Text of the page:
Marble Head of a Ptolemaic Queen

Only available on StudyMode
  • Download(s) : 110
  • Published : March 9, 2013
Open Document
Text Preview
Marble

Head
Of a
Ptolemaic Queen

Daniel R. Diaz
Professor Shelby
Art History 101
December 11, 2004
This work of art is from the Greek, Hellenistic period, c. 270- 250 B.C.E. This fifteen inch marble bust corresponds to a member of the Ptolemaic dynasty according to the typical facial features of the ruling family at that time. The Ptolemaic dynasty occurred when there was a succession of Macedonian Greeks over Egypt from the death of Alexander the Great in 323 B.C. until the annexation of Egypt by Rome and the suicide of Cleopatra VII in 30 B.C. Therefore, this head was most likely created to symbolize a Ptolemaic Queen. Its subject matter, the themes or ideas in a work of art distinct from its form, is not evident immediately. At first, one believes this to simply be a portrait of a woman typical of the time. Upon further research, it is believed that this head was created to represent a queen or even perhaps a goddess. Recently, it has been identified by different scholarly organizations as the head of Arsinoe II, who ruled with her brother Ptolemy II from 278 B.C.E. until her death in 270 B.C.E.1 (Met) This object, being placed in the back of a long central hallway, is found in a room containing large sculptures of men and women. There were also many portraits of only the heads of men and women. This placement hints to the wide belief that this head was originally thought to be prepared as a separate piece for insertion in a stature. There was once a veil covering the top and back of the head, but now it is missing. Marble at the summit and back of the head was left roughly worked, since a veil in either marble or stucco, a fine plaster used for moldings and other architectural decorations, would have hidden it. For the development of the ideal form, this sculpture had to accomplish its purpose having had to restrict itself almost exclusively to form giving the viewer a feeling of tranquility and authority.2 Consequently, although the features are cast in a classical style typical of the fourth century B.C.E., the face is individualized enough to be identified as a portrait.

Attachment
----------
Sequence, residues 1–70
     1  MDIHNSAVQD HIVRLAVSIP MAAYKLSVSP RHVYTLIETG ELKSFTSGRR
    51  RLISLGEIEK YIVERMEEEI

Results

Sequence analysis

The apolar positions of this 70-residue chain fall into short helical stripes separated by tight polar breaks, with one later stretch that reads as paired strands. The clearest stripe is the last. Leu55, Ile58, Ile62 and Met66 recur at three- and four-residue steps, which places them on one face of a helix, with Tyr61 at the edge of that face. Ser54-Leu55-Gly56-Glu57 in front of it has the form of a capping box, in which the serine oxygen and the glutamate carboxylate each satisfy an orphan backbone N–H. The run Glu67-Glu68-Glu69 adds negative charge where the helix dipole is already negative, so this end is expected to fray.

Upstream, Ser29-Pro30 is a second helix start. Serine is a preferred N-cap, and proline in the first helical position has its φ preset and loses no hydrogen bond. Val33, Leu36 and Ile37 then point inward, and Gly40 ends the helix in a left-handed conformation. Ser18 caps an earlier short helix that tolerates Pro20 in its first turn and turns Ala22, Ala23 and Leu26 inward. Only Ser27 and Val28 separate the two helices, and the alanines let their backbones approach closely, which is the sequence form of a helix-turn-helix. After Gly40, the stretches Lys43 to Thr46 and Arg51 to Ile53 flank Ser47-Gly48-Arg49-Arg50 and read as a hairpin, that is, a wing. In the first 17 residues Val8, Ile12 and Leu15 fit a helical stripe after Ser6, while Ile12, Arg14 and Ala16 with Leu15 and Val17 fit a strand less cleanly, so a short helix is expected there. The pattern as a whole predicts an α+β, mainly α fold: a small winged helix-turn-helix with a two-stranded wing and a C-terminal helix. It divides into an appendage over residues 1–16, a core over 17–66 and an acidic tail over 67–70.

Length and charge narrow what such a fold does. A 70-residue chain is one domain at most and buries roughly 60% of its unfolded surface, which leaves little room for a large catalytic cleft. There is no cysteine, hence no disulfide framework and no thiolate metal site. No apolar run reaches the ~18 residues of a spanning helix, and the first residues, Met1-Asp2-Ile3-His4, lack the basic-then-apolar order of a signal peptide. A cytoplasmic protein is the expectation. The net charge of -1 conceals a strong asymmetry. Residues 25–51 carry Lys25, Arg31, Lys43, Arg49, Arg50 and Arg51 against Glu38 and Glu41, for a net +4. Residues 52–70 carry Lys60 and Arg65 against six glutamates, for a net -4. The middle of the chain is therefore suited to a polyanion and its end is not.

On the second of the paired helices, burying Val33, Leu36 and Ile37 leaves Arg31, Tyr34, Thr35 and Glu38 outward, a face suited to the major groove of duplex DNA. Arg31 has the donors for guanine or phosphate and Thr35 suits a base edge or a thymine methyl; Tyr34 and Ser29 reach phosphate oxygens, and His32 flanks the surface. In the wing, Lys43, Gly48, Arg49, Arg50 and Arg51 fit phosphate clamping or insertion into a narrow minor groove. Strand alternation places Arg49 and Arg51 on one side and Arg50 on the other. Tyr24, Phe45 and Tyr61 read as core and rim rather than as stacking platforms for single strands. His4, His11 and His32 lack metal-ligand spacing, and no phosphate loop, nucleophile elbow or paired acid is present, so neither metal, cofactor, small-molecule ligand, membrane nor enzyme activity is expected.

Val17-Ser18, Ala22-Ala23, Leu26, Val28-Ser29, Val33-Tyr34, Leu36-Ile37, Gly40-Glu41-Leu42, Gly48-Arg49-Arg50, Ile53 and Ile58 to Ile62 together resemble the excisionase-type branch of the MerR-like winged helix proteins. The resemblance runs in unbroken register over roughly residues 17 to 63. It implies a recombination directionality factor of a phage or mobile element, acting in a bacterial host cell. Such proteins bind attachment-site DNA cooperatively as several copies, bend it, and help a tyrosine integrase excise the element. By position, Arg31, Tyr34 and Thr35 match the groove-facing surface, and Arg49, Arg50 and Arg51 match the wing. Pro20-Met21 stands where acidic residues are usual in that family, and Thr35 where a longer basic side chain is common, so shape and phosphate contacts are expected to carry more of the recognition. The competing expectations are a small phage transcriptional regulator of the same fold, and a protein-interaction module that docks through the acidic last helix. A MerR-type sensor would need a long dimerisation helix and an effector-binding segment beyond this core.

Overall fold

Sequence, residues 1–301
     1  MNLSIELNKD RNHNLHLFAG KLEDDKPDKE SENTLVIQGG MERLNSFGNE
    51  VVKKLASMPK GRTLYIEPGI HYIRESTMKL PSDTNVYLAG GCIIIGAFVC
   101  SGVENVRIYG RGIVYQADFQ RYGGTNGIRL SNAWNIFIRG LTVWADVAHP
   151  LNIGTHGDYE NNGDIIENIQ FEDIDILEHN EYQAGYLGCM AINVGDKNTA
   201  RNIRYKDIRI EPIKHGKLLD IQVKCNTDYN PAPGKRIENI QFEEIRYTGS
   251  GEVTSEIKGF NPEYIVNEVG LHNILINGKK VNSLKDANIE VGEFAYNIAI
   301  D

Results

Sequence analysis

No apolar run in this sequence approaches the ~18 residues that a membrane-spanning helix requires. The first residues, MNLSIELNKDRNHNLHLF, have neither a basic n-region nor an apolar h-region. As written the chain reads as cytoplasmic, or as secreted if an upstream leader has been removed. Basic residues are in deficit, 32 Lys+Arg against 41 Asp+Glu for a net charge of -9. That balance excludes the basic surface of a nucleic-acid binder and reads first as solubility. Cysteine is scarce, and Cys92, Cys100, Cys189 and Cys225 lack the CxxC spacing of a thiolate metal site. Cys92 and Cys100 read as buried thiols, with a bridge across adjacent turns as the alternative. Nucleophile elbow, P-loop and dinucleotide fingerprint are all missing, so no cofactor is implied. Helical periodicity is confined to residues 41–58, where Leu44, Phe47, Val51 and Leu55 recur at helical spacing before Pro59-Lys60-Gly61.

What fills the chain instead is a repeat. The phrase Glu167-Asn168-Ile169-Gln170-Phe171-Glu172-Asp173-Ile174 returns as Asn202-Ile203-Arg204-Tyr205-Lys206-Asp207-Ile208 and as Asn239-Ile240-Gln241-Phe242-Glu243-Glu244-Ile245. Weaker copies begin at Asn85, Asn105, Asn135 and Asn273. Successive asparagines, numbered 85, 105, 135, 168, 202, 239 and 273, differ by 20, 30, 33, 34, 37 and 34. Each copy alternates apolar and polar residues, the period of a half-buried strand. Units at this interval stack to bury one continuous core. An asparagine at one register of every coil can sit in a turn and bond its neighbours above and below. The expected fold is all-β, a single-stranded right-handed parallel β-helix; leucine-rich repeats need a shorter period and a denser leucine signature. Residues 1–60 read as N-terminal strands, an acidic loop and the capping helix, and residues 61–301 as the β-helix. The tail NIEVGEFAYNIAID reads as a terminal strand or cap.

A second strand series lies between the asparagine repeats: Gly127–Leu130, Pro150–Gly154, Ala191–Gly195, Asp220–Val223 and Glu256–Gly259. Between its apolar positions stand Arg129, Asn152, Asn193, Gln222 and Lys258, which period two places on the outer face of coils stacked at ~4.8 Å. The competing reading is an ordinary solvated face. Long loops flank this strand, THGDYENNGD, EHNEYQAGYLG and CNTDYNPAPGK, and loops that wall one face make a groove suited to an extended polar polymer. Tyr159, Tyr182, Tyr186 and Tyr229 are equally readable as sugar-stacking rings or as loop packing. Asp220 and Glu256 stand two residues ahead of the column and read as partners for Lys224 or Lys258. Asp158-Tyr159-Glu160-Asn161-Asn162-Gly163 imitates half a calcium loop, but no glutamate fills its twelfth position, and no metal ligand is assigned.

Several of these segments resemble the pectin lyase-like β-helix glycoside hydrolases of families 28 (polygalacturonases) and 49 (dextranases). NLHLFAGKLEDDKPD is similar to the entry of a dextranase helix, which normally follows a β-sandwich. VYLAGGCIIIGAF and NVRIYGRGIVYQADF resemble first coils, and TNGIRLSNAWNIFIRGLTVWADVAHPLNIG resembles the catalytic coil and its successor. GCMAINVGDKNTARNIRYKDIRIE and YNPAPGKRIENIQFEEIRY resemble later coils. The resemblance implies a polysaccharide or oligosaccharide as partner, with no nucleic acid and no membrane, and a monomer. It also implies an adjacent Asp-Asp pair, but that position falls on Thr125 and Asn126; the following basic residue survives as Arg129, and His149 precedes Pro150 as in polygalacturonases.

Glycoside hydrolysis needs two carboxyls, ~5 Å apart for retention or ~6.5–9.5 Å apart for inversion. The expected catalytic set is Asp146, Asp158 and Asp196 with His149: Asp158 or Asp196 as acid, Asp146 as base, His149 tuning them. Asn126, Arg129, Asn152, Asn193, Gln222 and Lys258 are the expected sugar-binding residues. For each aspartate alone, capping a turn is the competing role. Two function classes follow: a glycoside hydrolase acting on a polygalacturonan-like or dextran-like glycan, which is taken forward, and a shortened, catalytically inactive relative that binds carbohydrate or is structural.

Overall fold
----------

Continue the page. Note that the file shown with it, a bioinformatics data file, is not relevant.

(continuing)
This portrait is almost perfectly preserved. It has a round face without noticeable cheekbones, giving the impression that the women had a little weight to her. She does not have a smile on her face suggesting that this is a classical portrait rather than an archaic portrait. An archaic portrait would roughly be much more of a stylization, not necessarily realistic, and usually have a smile on the face. A classical portrait would be seemingly more perfect with an expressionless face showing rational thought and control over one’s emotions. Though partially missing, the nose is defined with actual nostrils. It also has wavy hair, an indented chin, and curvy lips, which further adds to the thought of this as a classical piece since a less descriptive piece would imply that it was before the classical period of Greek art. However, this portrait also does not have any eyebrows, neck muscles, or pupils, which also proposes the notion that it hails from the early classical period when there was a transition from the archaic to the new classical. Being able to view the veil that was once there would help in identifying this work of art more specifically. Nonetheless, I believe there is enough evidence to define this as a Greek classical work of art. During the classical period, the Greeks created their works of art using the metal bronze. When the Romans conquered Greece, they melted down the bronze to use for warfare only after reconstructing the bronze works of art out of marble. Retaining this information, this piece is therefore a Roman recreation of an original Greek work. Hence, what we actually view is not the original work. It is the Roman reconstruction of the Greek work of art.3

Other than its economical use by the Romans, this portrait, though uncertain, may have had a political,...
tracking img